“There’s a lot of really good football fans in this town that maybe don’t want to drive four or five hours to see a football game when they can see a pretty good product right here at home, and maybe they’ll become fans of our team,” San Diego State head coach Rocky Long said during a news conference on Thursday to announce a new contract extension. “I think that college football has a lot of things to offer that pro football does not.”

Long’s recently extended contract with San Diego state runs through the 2021 season. The hope is Long will be able to coach the Aztecs into a new home stadium in the final year currently under contract.

Alabama RB Derrick Gore transfers to ULM

ATLANTA, GA - DECEMBER 03:  Derrick Gore #27 of the Alabama Crimson Tide celebrates his fourth quarter touchdown against the Florida Gators during the SEC Championship game at the Georgia Dome on December 3, 2016 in Atlanta, Georgia.  (Photo by Kevin C. Cox/Getty Images)
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It seems to happen every now and then, but Alabama is losing a running back to a transfer this spring. Derrick Gore, a redshirt junior, is transferring to Louisiana-Monroe to continue his college football career, as reported by The News-Star.

Gore will be given a better chance to compete for a significant role in ULM’s offense as he gets out from the deep running back stable at Alabama that makes it difficult to get everyone involved. Gore had played a reserve role on offense behind the likes of Derrick Henry, Bo Scarbrough and Kenyan Drake at a position that is generally stacked for the Crimson Tide. Gore did find a role for himself on special teams. Gore blocked a punt against Florida in the SEC Championship Game last December and returned it for a touchdown. He was a walk-on at Alabama.

Gore will be eligible immediately to play for ULM starting this fall and will have two years of eligibility to use with the Warhawks.

Mike Locksley’s new role on Alabama staff will be co-offensive coordinator

PISCATAWAY, NJ - NOVEMBER 28:  Head coach Mike Locksley of the Maryland Terrapins looks on during a game against the Rutgers Scarlet Knights at High Point Solutions Stadium on November 28, 2015 in Piscataway, New Jersey.  (Photo by Alex Goodlett/Getty Images)
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Alabama took advantage of a staff opening on its coaching staff this week to promote Mike Locksley to a full-time offensive assistant’s role. Now, his role appears to be a bit more defined. According to a report from Bruce Feldman of FOX Sports, Locksley will be taking on the role of co-offensive coordinator.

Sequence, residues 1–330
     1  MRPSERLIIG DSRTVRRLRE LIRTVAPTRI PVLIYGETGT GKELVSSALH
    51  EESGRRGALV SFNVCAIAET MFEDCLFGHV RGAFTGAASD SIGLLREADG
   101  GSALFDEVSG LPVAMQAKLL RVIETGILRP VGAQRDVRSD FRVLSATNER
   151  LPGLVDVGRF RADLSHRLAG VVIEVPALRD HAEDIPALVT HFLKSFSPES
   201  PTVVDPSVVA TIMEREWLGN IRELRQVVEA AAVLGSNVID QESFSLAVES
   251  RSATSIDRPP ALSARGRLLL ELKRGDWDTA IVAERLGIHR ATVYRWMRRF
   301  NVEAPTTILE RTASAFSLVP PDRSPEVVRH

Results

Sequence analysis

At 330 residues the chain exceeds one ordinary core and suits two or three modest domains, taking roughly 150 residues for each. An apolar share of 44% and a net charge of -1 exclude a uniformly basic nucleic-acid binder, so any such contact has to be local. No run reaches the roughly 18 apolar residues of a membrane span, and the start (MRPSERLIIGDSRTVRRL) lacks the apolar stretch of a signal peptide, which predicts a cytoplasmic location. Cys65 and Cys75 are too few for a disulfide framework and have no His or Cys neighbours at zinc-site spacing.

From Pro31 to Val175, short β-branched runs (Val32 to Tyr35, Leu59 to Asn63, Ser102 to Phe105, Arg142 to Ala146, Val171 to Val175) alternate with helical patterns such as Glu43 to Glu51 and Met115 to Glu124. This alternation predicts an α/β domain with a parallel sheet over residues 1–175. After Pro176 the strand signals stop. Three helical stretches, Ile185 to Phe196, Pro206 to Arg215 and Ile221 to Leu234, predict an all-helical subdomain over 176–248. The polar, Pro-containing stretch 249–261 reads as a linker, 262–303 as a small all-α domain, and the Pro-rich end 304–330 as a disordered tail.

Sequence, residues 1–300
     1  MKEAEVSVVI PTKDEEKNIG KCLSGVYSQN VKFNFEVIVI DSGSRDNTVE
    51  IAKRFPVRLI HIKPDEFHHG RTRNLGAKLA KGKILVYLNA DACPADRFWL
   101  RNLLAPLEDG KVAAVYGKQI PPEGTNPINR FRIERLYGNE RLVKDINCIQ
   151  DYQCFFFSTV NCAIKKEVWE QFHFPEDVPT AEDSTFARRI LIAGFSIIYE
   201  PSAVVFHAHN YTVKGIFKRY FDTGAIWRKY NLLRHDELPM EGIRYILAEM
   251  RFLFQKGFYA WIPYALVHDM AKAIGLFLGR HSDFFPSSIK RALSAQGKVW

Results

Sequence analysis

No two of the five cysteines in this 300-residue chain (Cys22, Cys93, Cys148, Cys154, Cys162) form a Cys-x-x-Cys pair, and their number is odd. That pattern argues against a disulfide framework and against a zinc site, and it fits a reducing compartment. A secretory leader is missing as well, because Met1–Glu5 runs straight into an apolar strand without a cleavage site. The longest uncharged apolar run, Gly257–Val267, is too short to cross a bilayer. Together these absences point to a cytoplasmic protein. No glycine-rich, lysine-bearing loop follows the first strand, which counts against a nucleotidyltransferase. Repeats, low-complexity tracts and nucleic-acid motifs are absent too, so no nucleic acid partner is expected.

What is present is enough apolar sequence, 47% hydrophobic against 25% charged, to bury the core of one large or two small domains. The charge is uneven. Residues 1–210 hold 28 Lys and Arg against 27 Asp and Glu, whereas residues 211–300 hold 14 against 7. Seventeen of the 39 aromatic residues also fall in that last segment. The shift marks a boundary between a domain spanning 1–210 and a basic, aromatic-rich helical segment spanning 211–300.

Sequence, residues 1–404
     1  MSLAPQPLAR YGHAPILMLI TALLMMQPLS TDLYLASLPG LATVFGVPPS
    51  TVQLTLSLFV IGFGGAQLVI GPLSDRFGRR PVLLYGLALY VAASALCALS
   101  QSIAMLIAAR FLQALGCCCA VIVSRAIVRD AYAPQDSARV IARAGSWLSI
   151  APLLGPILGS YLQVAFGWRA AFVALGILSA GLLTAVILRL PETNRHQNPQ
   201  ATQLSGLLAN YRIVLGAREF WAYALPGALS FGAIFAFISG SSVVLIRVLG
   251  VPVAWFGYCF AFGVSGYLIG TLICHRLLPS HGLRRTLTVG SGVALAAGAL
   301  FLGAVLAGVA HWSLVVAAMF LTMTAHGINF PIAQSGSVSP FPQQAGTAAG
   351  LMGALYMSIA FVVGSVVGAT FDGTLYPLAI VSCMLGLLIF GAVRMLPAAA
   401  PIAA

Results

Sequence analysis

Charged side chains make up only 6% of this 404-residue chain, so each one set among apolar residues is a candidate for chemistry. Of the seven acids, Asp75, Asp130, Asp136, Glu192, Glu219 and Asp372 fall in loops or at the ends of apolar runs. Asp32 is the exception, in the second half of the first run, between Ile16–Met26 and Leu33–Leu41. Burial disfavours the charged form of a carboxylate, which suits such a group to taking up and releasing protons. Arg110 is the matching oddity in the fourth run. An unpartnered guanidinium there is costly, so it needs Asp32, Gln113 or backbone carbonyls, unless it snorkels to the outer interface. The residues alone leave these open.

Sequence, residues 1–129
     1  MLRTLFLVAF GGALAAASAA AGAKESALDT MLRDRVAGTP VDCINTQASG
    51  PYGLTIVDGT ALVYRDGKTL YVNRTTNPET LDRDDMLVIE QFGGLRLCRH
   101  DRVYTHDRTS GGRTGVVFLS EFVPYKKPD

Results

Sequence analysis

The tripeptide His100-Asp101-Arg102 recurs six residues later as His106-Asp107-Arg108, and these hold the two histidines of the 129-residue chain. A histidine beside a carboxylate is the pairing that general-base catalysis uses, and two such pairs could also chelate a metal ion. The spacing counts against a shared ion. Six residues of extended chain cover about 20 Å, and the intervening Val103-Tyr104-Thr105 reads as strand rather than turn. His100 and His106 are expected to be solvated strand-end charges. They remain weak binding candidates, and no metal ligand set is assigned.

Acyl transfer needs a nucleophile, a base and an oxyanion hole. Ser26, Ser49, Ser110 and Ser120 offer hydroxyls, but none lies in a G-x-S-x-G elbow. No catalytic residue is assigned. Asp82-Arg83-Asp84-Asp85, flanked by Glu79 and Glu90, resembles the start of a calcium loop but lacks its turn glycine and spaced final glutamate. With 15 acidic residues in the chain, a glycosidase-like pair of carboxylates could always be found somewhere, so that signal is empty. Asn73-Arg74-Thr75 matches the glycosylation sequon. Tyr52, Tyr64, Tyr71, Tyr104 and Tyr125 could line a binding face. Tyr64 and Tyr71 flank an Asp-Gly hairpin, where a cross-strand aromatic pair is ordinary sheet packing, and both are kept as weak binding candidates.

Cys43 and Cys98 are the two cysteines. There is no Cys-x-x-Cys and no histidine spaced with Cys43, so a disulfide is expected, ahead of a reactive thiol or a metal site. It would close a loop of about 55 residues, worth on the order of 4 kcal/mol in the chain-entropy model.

Locksley has previous offensive coordinator experience, of course. Locksley coached the offense at Maryland and Illinois prior to arriving at Alabama. Feldman reports Locksley turned down “several coaching offers” so he could remain a part of the Alabama coaching staff for the 2017 season.

Locksley was previously added to the Alabama football staff as an analyst. Now he will share the offensive coordinator duties with another recently promoted analyst, Steve Sarkisian. Sarkisian was promoted to offensive coordinator in the week leading up to the College Football Playoff national championship game after Nick Saban made the decision to force Lane Kiffin out of the position and send his offensive coordinator to take on the full-time work of being the new head coach of FAU.

NCAA proposal to shut down spring break off-campus practices passes

FILE - In this Oct. 3, 2015, file photo, Michigan head coach Jim Harbaugh calls for a flag in the first half of an NCAA college football game against Maryland in College Park, Md. Michigan and Florida both entered the season hoping to revive storied programs that had begun to look more pedestrian than they were accustomed to. Enter Wolverines coach Harbaugh and Gators coach Jim McElwain, who both brought their own style and approach to the sidelines in their first seasons on the job. (AP Photo/Patrick Semansky, File)
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Michigan’s spring break trip to conduct spring practices at IMG Academy in Bradenton, Florida will be its last. An NCAA proposal to ban such trips outside of the college football season passed by a count of 58-22 on Friday.

Michigan head coach Jim Harbaugh caught a lot of criticism for his decision to take Michigan’s spring practices down to Florida over Michigan’s spring break. The move was a bold strategy for Harbaugh and the Michigan program, but it ruffled the feathers of coaches from the ACC and SEC, leading to a move to ban such practice plans in the future. The debate over such a move was debated with similar intensity that satellite camps received, and now we await to see just how Harbuagh will respond, because he is known to chime in when something like this happens.

So no more trips to Florida for Michigan football players over spring break. That means Harbaugh will just have to go to the drawing board to find a new idea to find an edge.